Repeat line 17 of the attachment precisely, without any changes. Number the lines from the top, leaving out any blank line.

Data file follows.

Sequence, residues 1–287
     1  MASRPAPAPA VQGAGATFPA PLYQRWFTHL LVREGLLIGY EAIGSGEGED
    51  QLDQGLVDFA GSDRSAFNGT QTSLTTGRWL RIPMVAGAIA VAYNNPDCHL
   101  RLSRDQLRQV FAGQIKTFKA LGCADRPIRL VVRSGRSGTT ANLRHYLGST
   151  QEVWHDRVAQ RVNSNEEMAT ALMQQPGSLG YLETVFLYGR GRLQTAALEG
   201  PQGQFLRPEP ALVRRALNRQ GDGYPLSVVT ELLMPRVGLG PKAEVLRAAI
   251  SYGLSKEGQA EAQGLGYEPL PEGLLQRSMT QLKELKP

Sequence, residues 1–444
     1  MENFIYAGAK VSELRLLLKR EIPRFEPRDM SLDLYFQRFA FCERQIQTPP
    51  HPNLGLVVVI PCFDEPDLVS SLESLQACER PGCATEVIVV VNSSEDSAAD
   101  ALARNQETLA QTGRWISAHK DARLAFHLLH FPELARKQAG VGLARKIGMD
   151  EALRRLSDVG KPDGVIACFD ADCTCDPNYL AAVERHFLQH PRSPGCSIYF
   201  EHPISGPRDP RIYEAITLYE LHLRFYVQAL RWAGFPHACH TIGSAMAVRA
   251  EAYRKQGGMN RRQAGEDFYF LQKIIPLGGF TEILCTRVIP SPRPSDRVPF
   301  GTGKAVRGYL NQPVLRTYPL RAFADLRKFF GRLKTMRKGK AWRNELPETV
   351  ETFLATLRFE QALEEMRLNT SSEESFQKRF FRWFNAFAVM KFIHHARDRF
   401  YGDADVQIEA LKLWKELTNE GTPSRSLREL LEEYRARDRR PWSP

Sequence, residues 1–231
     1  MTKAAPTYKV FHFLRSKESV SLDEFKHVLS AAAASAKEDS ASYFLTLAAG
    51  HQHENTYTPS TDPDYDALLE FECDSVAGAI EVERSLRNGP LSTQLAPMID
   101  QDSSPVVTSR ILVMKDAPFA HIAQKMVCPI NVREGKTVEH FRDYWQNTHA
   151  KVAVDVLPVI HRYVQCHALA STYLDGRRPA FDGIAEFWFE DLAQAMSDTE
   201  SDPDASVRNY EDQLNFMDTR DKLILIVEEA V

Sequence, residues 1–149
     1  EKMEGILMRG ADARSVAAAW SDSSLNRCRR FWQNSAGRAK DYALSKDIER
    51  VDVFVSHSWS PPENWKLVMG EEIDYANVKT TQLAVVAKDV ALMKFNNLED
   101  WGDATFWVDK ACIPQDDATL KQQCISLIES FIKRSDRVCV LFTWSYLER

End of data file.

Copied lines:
   401  YGDADVQIEA LKLWKELTNE GTPSRSLREL LEEYRARDRR PWSP